Compared to 2010, demand for gold for jewelry production fell by 10% in the third quarter of 2011. The main reason for this may be the rising gold price resulting in more expensive gold jewelry. By contrast, the demand for gold as an investment increased by a whopping 33%, despite the fact that – in addition to any profit-taking – some institutional investors probably had to sell their gold to offset losses in other asset classes like stocks. In our view, it is also likely that part of the jewelry gold is rather seen as an investment asset than as jewelry: In the Middle East and countries like India, gold jewelry is often sold at very low premiums above the material value and is in fact often considered as an investment asset and used accordingly.

The total demand for gold in the technology and dental sectors remained nearly constant throughout the previous year.

Predictions regarding supply and demand for gold 2012

What are the expectations regarding gold for 2012? Supply from the gold mines generally changes only little in the short term. In the supply of scrap gold, i.e. recycled gold, major changes are possible in the short term, for example if owners of jewelry or investment gold expect a decline in gold prices and react by selling gold. According to this, however, supply of gold would again depend on the expectations regarding the price of gold 2012.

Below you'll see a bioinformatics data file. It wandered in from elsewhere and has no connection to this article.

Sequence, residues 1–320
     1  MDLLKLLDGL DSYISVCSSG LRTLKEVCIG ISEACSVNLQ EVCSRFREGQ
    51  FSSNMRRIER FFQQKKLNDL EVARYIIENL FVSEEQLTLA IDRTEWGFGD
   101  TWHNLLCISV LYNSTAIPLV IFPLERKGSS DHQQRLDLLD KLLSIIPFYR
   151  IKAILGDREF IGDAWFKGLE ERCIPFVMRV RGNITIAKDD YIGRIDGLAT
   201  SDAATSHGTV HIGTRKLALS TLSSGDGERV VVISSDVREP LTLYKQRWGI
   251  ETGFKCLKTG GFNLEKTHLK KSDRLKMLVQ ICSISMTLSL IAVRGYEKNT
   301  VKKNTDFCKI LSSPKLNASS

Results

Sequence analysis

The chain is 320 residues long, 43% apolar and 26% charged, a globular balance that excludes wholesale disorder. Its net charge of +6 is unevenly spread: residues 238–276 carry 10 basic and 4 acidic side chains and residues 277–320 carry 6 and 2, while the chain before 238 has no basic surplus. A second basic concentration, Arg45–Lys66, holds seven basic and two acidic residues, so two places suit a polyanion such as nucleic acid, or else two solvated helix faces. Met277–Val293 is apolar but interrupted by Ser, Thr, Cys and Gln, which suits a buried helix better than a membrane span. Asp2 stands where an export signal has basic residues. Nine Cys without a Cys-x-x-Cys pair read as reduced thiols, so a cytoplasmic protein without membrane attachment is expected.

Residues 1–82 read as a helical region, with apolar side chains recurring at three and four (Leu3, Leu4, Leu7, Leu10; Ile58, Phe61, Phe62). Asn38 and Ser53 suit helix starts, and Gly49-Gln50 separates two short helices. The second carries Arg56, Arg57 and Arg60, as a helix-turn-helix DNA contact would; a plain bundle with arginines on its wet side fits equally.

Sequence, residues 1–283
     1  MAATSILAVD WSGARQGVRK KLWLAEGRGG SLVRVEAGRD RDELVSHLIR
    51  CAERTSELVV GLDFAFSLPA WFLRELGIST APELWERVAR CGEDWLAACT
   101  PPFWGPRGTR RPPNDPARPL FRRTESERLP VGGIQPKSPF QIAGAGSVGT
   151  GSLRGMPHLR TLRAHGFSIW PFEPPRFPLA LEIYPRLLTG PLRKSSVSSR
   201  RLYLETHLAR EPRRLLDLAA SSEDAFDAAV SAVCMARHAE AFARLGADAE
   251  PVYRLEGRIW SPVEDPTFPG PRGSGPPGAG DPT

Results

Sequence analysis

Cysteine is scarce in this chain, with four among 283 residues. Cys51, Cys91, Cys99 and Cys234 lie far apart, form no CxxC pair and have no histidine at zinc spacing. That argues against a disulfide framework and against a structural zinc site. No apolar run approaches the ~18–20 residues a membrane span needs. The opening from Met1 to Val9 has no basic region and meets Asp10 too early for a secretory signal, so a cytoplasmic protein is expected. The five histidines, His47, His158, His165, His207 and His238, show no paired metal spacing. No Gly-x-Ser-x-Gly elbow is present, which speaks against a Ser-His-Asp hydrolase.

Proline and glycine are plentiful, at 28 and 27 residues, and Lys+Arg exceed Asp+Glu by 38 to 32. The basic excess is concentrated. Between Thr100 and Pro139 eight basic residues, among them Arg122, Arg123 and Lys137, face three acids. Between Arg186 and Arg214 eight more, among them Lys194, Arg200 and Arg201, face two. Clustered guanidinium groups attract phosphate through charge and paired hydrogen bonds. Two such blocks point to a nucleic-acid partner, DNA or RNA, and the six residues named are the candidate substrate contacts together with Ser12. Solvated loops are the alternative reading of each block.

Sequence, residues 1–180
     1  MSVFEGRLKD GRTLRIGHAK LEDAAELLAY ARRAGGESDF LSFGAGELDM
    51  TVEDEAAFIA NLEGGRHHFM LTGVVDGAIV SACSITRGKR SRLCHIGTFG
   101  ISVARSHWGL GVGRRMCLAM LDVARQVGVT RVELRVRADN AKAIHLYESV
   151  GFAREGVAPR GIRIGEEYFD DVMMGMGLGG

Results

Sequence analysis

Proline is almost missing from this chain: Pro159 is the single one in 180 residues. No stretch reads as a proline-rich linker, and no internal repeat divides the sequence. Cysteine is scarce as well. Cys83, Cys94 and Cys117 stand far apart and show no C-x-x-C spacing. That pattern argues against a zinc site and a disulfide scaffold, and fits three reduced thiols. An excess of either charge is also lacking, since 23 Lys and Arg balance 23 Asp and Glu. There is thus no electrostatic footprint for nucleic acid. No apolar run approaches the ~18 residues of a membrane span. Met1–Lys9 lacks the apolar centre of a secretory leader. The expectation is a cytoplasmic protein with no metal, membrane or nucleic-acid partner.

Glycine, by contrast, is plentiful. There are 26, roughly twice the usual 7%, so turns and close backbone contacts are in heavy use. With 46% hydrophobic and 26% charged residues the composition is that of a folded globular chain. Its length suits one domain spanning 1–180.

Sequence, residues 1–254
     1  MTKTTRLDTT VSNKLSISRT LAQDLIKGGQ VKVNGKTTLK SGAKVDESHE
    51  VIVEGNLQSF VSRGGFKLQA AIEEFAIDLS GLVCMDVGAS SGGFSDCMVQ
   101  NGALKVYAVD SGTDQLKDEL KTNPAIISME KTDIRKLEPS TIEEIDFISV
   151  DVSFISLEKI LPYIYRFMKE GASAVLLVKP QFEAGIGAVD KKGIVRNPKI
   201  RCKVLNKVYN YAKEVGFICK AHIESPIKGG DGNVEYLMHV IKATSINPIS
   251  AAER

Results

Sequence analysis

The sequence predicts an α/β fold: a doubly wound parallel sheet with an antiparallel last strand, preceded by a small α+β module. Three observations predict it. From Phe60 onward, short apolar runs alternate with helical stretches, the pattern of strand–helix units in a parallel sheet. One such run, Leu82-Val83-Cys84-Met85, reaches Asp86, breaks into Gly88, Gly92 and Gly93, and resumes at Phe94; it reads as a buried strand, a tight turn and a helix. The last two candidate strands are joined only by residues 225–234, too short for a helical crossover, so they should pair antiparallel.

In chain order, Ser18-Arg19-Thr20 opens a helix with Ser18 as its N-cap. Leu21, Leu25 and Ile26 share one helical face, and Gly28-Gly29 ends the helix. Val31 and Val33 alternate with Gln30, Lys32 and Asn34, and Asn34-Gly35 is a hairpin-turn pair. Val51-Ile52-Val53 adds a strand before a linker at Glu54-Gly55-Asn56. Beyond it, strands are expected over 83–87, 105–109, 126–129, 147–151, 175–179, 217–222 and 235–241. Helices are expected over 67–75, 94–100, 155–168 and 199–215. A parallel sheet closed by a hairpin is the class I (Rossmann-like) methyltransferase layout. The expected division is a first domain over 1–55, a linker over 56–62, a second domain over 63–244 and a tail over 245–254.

Thus, the question is what the main drivers of gold demand in 2012 are. Can we predict them? The demand for gold for jewelry making depends fundamentally, and thus also for 2012, on the gold price. Another factor for jewelry demand besides the price level of gold is the economic development, or the question whether consumers have money to purchase jewelry and want to spend it on jewelry.

In comparison with demand for gold jewelry, investment demand is subject to entirely different factors: investment gold is seen by many investors rather as a means for hedging than for speculation – namely as a hedge against financial or currency crises or as a hedge against inflation. For Western investors who buy gold for hedging purposes, the fear of high inflation or hyperinflation or of a currency reform are the main drivers for gold investments. However, for investors in the so-called ’emerging markets’ gold is often used as a hedge against high but not extremely high inflation rates – for instance, for many investors in Asian countries whose cash amounts steadily lose in value due to high inflation rates that are higher than the offered interest rates.

According to this, the demand for gold is subject to some conflicting factors: If the world economy is doing well, the expected inflation rates e.g. in China tend to be high, and so do investment demand in Asia and global jewelry demand. If, however, in 2012 there is a global economic crisis or the current financial crisis resurges, while jewelry demand for gold is likely to drop, investment demand, particularly from the Western world, could continue to rise. This is all the more likely as in such a scenario base interest rates will tend to be reduced and thus gold which bears no interest is becoming relatively more attractive as an investment asset. Moreover, in such a scenario even more programs to increase liquidity are likely to be initiated by governments. The funds created by such programs search for investment opportunities and this often leads to a rise in prices of various asset classes, including gold.